We may have mentioned our friend's crush on Edward G. Robinson before, but in few movies is he dreamier to her than in "Double Indemnity," with Fred MacMurray and Barbara Stanwyck. The movie is classic noir, with MacMurray and Stanwyck plotting to kill her husband so she and MacMurray can collect the insurance money. The movie was updated and moved to Florida in 1981's "Body Heat." But in the earlier version, Robinson is the hero who unravels the mystery, perhaps a little slowly, but he is greatly saddened at the way things turn out.
This was, in fact, the movie that inspired our friend to go into the insurance business. It also inspired great respect for the director and screenwriter, Billy Wilder, who was able to capture hard-bitten American discourses in spite of the fact he could barely speak English. Clearly, he received some help from James M. Cain, who wrote the book -- and who is at the center of our probate story.
Cain wrote a series of noir novels and has been a cult favorite for decades. The man himself, though, seems to have faded into the background toward the end o f his life, but he did not stop writing. In one of his last interviews, he mentioned that he had a completed manuscript. And then he died.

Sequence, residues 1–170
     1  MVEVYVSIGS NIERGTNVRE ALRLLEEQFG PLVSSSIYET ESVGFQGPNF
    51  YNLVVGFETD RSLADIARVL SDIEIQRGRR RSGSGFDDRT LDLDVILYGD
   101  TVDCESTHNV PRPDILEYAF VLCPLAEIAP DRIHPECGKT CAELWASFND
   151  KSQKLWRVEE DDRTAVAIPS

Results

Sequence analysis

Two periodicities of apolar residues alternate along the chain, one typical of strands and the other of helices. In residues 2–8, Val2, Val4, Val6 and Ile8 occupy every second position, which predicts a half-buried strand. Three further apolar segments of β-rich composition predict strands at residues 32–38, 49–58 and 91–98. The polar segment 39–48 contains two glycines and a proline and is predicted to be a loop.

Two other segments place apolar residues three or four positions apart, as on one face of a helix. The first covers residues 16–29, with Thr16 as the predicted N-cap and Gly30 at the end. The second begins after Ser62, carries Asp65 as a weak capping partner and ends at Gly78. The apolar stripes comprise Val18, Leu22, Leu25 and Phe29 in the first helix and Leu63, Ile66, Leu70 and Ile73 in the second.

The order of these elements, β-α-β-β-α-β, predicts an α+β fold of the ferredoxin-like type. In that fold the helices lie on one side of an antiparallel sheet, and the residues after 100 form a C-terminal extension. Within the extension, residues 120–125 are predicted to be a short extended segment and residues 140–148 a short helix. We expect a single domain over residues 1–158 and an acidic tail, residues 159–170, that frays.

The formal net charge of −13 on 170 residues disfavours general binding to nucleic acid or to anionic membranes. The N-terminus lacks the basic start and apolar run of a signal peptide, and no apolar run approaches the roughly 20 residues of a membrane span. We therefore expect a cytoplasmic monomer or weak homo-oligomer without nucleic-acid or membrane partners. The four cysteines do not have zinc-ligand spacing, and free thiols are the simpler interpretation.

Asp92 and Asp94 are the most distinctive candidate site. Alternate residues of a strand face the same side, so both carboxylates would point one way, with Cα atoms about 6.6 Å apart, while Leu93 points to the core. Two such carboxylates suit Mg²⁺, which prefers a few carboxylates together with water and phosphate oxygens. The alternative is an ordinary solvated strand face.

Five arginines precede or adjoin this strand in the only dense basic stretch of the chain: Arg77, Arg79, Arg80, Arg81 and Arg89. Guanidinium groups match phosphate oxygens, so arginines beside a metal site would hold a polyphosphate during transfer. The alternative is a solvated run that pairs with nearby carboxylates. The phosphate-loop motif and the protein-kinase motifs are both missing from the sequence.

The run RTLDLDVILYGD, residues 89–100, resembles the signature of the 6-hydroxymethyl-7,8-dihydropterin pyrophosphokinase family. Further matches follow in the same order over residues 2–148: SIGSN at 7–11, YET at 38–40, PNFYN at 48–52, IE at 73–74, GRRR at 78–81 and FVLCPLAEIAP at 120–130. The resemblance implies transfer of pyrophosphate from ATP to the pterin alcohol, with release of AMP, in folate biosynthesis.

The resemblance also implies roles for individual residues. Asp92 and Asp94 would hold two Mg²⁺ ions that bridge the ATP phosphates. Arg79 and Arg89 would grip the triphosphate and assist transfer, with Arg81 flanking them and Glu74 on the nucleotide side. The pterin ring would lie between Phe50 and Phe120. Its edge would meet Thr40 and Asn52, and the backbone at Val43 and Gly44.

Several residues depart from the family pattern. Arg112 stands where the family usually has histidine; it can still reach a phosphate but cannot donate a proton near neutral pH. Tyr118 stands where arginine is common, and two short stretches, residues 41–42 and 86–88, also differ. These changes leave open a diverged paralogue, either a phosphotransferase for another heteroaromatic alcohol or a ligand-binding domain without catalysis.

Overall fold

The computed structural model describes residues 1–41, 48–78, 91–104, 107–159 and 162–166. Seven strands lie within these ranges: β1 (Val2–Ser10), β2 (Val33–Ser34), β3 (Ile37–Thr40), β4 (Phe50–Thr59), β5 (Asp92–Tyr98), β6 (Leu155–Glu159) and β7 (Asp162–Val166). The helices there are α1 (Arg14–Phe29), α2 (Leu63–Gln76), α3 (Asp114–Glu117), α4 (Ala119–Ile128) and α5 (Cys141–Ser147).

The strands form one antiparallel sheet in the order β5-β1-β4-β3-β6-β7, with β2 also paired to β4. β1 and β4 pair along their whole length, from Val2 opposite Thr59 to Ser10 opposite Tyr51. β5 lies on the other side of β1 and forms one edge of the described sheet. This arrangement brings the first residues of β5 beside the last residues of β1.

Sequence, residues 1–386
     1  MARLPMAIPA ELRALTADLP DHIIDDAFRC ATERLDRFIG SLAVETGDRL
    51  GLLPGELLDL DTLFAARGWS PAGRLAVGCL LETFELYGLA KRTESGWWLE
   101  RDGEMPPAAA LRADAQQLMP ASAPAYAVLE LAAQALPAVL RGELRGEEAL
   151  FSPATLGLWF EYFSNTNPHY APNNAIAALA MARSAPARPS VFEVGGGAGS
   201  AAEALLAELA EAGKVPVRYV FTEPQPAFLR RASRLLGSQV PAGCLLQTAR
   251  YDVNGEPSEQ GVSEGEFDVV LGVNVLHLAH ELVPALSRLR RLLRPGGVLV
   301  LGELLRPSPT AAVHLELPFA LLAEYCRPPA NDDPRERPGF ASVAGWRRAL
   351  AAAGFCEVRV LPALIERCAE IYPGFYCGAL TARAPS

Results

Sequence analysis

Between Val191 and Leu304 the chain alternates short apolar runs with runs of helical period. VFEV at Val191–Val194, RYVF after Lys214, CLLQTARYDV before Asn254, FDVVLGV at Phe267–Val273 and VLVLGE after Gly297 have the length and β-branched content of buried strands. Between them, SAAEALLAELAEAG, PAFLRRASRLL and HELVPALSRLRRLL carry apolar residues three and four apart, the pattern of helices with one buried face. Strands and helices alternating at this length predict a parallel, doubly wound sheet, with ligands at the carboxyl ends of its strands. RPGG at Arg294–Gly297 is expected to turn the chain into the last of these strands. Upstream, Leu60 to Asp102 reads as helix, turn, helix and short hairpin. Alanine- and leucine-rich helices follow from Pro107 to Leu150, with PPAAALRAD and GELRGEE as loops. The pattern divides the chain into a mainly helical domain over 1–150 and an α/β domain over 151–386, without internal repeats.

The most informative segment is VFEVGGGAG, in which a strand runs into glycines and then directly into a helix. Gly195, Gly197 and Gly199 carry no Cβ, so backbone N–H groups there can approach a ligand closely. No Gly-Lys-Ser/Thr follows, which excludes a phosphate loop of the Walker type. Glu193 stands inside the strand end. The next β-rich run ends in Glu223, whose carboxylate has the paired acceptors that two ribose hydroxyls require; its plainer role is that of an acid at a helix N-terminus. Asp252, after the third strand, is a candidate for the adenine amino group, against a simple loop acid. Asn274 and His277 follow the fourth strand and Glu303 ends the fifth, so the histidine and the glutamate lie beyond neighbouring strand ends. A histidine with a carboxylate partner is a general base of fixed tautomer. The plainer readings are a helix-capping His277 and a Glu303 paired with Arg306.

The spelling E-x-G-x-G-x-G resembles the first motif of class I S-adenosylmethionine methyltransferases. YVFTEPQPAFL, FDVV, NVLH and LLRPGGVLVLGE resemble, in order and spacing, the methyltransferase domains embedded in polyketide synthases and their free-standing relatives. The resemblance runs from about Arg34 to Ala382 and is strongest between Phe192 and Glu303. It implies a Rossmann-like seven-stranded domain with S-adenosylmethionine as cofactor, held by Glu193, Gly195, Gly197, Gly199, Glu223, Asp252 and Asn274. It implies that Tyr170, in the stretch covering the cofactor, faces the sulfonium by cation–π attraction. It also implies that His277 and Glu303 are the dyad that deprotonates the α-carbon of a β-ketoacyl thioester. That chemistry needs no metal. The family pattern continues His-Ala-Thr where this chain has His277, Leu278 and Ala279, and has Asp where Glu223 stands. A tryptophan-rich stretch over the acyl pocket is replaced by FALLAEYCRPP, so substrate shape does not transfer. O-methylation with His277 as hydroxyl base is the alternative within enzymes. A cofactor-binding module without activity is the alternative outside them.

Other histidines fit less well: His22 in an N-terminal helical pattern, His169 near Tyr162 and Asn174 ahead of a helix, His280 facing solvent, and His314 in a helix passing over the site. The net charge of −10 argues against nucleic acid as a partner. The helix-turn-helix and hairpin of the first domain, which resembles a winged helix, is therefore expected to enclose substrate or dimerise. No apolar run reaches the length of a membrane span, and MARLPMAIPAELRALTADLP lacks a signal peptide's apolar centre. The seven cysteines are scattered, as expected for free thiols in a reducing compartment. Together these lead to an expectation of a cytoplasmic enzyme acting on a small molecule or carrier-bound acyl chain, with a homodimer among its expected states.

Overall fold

An avid fan learned of the manuscript and set out to find it. By this time, though, Cain had been dead for more than a decade, as had so many people who had worked with him. The researcher is a writer himself, and he mentioned his quest to his agent. His agent, it turned out, had inherited his business from an old Hollywood agent who had a number of authors as clients. Among them were William Faulkner, noir-favorite Raymond Chandler and -- eureka -- James M. Cain.
The agent dug through old file boxes until he came across the manuscript of "The Cocktail Waitress."
But that was just the beginning.
Source: The Millions, "The Man Who Blew the Dust Off James M. Cain's Lost Last Novel," Bill Morris, Oct. 29, 2012
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